June 30, 2016
By Joel Kreisberg, DC, ACC
With the holiday weekend approaching and the excitement of travel and friends, a quick primer to keep one motivated might help you enjoy the barbecues, picnics and holiday gathering without waking up on Tuesday feeling guily, bloated, and wondering how you gained so much weight. My own quest to better understand my compulsion to overeat sweets lead me to better understand motivation. Our hope is that a brief update on motivation just might be the ticket to a weekend of good food AND self-care! Let’s look at the work of Daniel Pink, especially his book Drive. Though Pink’s book focuses on a business context, his science helps us upgrade our thinking about promoting health in our personal and professional lives. Let’s look inside.
Science suggests there are three essential elements to Motivation 3.0: 1) Autonomy – the ability to direct our own lives; 2) Mastery – our ability to get better at a skill such that we achieve a clear sense of successful flow; and 3) Purpose – to have a clear sense of why our work matters. How does this work for motivating optimal healing?
Let’s look at the family barbecue. Why do we love to offer so many high fat foods and so many sweets? Is it that we want get stuffed on these foods ourselves? Or perhaps we like to share our feelings of abundance with our friends and family. We are certainly not thinking of physical health or the challenges of our family members having to work to control weight. We are definitely interested in love, feelings of satisfaction, and connection—all intrinsically motivated. Trouble is, next Tuesday some of our family members will have to return to a restricted food regimen, which for many is a extrinsically motivated.
Medical advice from physicians to public health officials offer absolutes: don’t smoke, eat a low fat diet, get 30 minutes of exercise three times a week or sleep eight hours each night. Trouble is, this has little how are actually living our lives. Yes, in an ideal world, we would do all of these activities, but my life doesn’t work that way. How about yours? Autonomy is increased by learning the difference between intrinsic versus extrinsic motivation. Intrinsic motivation is to act for the inherent satisfaction of doing the activity. Extrinsic motivation is action in order to obtain the outcome—completion. Losing weight because 30% body fat is a risk factor for cardiovascular disease and diabetes is relying on extrinsic motivation. In Pink’s Motivation 3.0, intrinsic motivation is key. This could begin with mindfulness, learning to attend to our experience—how we feel. Can I feel the love and the connection with my family, still have a great time, and not overeat? Connecting with internal motivation helps us choose fulfilling experiences that are satisfying and fulfilling. Intrinsic motivation supports healthy autonomy.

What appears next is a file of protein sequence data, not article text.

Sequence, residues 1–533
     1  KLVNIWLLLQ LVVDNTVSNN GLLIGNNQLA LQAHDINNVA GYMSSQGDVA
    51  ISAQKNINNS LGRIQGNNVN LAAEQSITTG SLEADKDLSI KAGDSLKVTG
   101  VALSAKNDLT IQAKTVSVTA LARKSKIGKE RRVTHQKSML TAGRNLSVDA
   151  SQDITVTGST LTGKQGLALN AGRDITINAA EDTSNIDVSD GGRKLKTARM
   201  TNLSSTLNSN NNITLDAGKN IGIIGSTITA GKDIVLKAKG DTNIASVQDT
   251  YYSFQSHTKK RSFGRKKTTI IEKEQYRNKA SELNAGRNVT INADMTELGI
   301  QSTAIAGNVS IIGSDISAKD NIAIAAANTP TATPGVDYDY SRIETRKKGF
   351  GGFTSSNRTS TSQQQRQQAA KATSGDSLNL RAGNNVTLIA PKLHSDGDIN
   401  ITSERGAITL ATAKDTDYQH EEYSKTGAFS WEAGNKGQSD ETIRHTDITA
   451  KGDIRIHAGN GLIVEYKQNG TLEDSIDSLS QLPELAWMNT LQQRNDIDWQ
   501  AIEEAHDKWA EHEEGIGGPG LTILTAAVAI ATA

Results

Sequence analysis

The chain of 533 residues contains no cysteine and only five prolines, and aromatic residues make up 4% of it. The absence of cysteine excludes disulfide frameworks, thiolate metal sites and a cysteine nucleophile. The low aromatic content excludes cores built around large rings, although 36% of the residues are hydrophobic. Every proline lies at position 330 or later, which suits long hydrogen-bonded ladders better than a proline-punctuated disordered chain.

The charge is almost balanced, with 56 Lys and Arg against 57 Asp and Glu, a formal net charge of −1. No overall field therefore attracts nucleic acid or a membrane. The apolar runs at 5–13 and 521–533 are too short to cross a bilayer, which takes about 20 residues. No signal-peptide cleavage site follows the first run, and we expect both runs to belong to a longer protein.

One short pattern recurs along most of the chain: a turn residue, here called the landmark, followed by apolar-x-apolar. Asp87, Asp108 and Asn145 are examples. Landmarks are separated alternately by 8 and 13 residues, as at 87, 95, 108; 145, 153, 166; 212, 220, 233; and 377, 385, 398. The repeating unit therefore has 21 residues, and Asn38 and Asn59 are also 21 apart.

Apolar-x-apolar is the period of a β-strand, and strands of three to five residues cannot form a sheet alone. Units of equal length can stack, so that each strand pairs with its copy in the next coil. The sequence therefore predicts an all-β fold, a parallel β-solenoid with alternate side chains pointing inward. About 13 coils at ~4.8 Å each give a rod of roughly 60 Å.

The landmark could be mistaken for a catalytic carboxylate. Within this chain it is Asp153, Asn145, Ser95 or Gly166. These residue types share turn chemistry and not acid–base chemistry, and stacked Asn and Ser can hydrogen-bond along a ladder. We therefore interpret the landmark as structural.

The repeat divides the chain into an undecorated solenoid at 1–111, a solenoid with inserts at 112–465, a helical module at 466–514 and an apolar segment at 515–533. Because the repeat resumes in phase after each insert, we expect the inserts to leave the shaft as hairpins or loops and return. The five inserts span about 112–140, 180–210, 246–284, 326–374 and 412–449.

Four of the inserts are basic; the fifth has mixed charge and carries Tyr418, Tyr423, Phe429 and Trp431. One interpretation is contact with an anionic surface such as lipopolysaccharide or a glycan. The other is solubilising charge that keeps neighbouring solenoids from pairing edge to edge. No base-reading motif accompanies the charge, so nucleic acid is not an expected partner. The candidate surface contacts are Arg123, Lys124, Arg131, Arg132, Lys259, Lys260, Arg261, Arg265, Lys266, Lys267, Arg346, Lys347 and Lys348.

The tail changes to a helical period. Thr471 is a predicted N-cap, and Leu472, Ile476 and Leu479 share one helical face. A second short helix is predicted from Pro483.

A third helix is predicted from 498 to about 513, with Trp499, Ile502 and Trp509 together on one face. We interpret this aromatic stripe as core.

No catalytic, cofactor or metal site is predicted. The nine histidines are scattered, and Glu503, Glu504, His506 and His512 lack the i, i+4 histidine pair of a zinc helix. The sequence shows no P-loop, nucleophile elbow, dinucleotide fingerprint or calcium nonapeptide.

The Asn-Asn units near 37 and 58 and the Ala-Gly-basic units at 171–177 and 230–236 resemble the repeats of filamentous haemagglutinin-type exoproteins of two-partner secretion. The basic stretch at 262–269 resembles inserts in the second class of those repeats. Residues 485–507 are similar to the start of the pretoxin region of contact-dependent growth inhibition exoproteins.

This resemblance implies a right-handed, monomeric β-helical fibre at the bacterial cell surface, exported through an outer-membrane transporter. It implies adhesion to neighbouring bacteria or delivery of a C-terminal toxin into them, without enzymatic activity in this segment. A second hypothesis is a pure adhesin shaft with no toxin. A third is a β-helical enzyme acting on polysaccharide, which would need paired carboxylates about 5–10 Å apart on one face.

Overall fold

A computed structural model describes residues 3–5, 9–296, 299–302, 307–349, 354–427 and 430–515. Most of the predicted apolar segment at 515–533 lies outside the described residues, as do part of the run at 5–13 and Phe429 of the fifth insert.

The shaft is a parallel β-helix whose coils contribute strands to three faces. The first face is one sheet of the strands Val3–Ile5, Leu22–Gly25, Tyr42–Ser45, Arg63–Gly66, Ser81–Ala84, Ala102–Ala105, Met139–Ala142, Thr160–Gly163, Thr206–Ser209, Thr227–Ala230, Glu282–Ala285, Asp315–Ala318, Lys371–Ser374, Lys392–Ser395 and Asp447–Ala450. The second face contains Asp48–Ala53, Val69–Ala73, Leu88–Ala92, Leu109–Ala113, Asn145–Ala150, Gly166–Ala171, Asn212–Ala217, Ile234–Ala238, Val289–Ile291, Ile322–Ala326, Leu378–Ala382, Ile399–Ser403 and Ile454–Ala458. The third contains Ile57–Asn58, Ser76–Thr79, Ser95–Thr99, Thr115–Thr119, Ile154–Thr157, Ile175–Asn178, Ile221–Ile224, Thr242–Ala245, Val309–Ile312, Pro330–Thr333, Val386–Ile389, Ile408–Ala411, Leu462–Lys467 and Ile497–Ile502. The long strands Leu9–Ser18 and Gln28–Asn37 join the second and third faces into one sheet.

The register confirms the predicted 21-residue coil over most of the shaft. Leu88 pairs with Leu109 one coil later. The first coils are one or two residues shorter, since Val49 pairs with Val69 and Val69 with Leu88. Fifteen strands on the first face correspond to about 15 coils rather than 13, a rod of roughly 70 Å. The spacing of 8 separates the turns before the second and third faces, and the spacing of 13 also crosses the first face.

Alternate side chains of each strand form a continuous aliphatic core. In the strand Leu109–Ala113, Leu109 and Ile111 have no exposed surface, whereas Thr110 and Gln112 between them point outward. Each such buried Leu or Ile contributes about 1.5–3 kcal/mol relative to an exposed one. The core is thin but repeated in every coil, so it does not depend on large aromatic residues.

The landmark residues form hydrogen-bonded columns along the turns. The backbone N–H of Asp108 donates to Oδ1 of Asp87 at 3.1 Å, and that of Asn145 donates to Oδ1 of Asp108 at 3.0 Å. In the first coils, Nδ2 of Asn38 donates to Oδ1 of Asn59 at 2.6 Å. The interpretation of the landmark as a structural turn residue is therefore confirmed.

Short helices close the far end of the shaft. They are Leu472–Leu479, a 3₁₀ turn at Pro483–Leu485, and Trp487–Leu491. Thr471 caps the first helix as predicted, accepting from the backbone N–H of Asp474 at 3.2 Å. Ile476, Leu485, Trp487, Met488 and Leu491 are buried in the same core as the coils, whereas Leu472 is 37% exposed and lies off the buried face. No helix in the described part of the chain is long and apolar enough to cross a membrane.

Mastery comes from regular engagement. Counter to the quick paced world of easy access to information and media, mastery occurs when countless hours are spent engaged in an activity of choice. I’ve always appreciated George Leonard’s definition of Mastery: “The process where what was difficult becomes easier, a life-long commitment to hone your skills, realizing that the ultimate goal is the path to mastery itself, and practicing, even when you seem to be getting nowhere.” Unpacking this, one can see how this relates to motivation – when I choose to master something (autonomy) and I stick with it, I’ll come to know myself as I learn the skills. The learning is just as key as reaching the goal. For our July 4th picnic, somatic practice begins with noticing when we are full. This requires pausing, taking a few breaths, and sensing our belly and asking the question; Am I full? Starting at the picnic may be challenging so perhaps this is a skill to master daily during regular meals- alone and with family.
Purpose may be more elusive in a health context, for purpose often has to do with being in service of others. Why should my health matter? How do I know that I’m making a contribution beyond myself? This is why a broader, more integral perspective of health and healing is essential. Rather than conventional perspective of health as physiology within normal ranges on a blood test, or cardio-vascular fitness, an integrative health perspective considers the whole body-mind-spirit. A useful example can be found in the social determinants of health–the two most involved with the holiday are, social cohesion and civic participation. Evidence continues to mount that positive family interaction impacts our health. Social cohesion, the number of healthy friendships, has been show to have a very positive salutogenic effect in reducing depression as we get older. Social interactions and civic participation nurtures our healing resources. Independence Day parades, festivals and celebrations just may have a greater value then we think!
In narrative health coaching, helping clients get in touch with a deeper sense of purpose offers a powerful opportunity to support healing by increasing motivation: grandparents for the love of their grandkids, parents for their commitment to leave a better place for their kids, and health professionals creating positive change and innovation. Being more closely aligned with a deeper sense of purpose motivates ongoing improvements in health.
Motivation 3.0 offers a powerful frame. Investing in Autonomy, Mastery and Purpose, serves each of us—the holidays are no exception. As we celebrate, spending time outdoors with family and friend, noticing what’s really important will bring about ongoing healing. As we flourish, our motivation for health deepens. Take a few breaths after a serving of pie at the picnic and see if the conversation you are having is just as sweet tasking as another trip to the buffet.